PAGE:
The third thing I started doing that’s made a big difference for me is going bananas with an organization system for my writing fodder and ideas. You’ve probably heard me talk about creating a housing system for your words—that methodology, which I call the Ashlyn Writes Copy Banking system, WORKS really well for collecting writing snippets for any platform you need to create content for on.
Some people collect postcards, some people collect ornaments or wine, I collect notes and quotes. But, I’m a writer—my well-worn tools are the books and quotes I lean on daily.
Evernote is my favorite external brain for keeping track of learnings from books, courses, etc.
“For every one book you choose to read, you ignore ten thousand other books,” its been said. There’s a difference in consuming books as a reader vs. reading to diligently seek wisdom … recording notes from things I read is one way I’ve grown both as a reader and a writer …
… and adding them to my AW Copy Bank is how I reference them for content ideas.
I LOVE Evernote, and it’s an app I can’t live without for generating content topics.
“Mad-Lib” Pinterest or iTunes App Store for Podcasts
That brings me to the next trick—story mining for writing prompts in Pinterest and iTunes.
Go into these apps, look at titles—they don’t even have to be related to your topic—and see what they spark. I don’t want you to listen to it or read it. Just see what content marketing ideas the titles generate. Does one hit you and you think, “I have something to say about that” … or, can you change the words around a little bit and get started writing?
Create a Client/Customer Question List
Now the next thing is to make sure you’re sharing content you’ve been specifically asked for … if you’ve noticed so far, that’s not really what I’ve gotten you doing yet. But THIS is how you’re going know you add value, and how you create content that’s gonna get engagement.
Researching clients and customers is something you need to know how to do as the marketer for your creative small business. The “Client Voice Hacking” technique is the whole system I take my Copywriting for Creatives™ students through so they know how to get their ear to the ground with surveys, so they always know how to listen in on what people want from them.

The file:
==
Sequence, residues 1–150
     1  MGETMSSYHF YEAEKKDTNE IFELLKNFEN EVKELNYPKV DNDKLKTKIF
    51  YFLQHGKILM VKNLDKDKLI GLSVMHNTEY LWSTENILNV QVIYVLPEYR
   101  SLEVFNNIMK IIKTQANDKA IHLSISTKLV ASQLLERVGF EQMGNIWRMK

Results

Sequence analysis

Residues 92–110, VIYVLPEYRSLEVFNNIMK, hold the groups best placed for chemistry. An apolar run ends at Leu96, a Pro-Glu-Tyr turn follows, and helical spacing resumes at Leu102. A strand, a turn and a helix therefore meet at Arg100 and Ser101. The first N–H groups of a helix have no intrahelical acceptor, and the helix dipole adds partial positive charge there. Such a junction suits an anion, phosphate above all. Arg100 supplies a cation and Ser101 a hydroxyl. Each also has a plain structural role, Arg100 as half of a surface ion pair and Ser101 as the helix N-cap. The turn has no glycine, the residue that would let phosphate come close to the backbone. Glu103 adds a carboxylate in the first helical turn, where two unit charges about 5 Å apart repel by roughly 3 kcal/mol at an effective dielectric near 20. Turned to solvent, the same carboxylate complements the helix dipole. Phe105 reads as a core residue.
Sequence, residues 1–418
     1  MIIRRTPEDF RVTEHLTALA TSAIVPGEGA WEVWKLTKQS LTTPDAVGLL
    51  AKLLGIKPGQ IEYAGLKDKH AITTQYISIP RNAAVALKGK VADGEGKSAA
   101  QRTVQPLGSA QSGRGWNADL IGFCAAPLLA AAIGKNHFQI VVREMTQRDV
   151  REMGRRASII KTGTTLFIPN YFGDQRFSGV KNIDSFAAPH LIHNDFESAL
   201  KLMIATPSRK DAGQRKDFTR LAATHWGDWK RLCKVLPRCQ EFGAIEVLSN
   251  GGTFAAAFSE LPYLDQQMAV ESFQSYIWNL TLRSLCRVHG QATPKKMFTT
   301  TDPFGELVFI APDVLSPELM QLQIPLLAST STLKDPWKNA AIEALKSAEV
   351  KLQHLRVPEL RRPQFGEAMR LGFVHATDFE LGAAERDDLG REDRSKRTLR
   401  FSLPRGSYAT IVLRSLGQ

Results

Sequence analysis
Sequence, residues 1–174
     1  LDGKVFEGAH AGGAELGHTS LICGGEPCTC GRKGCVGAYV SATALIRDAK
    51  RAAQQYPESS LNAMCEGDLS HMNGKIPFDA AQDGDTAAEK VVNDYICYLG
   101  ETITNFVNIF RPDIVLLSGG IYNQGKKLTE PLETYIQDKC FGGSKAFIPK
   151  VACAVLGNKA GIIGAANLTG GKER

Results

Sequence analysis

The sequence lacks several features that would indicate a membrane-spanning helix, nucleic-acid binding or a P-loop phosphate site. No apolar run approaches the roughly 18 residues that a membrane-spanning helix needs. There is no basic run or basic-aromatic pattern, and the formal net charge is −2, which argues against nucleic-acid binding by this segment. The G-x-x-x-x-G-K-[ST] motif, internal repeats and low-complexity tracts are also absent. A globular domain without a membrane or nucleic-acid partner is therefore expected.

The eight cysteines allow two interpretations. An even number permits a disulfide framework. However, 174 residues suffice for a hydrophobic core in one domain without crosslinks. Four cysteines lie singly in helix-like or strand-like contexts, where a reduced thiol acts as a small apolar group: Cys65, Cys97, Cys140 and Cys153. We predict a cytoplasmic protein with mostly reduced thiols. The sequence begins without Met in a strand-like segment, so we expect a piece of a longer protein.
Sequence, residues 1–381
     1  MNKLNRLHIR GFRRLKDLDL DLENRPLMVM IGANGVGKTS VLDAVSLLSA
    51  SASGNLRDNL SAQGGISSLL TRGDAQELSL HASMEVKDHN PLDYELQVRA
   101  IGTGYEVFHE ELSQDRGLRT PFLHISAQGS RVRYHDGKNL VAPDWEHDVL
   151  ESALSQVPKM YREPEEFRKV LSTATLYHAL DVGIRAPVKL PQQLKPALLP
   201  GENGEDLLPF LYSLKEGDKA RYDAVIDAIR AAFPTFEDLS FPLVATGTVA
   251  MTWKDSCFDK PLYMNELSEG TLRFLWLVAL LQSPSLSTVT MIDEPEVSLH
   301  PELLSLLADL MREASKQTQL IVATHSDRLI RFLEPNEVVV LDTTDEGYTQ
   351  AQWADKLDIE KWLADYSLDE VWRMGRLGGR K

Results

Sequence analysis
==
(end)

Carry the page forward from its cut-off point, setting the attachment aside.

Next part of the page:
It’s the grunt work that goes into copywriting, but it’s what starts to get your ideal clients to pay attention to you for sales purposes. A section of your word banking system needs to be dedicated to questions you’re getting asked about what you do or your service itself.
Another little secret is to see how you can set up an evergreen system here. If you really want to be savvy and not run out of things to say, figure out a way to automate this.
- Maybe you have a landing page that leads to a question field
- Maybe your inquiry form has a spot for the #1 question someone wants to ask you
- Maybe your welcome sequence has a note about this
- Maybe you have an Instagram story in your highlights where people can give ideas.
The conversations you start when you open the door for people to reach out are so amazing. Build real relationships with people by serving up exactly the article they asked for when you can—that’s how you’re going to add value!
The trick to never running out of things to say is to plan ahead, of course. Upping how I organize the content I have as writing fodder has really helped me grow organically my bank of things I have to say, so I can then use that for social media captions, email newsletters, and other things I need to write for my business.
If you need help, I have a shop resource -my Content Creation Story Starters Brainstorm Guide, that can come alongside you and get you started with content starters.
To get some bonus tips on top of everything I talked about today in the video, grab the freebie workbook to finding your brand voice.
I hope this was as fun for you as it was for this little nerd right here! I love talking about this and giving copywriting tutorials on my channel, but if you want another tutorial, put them in the comments below.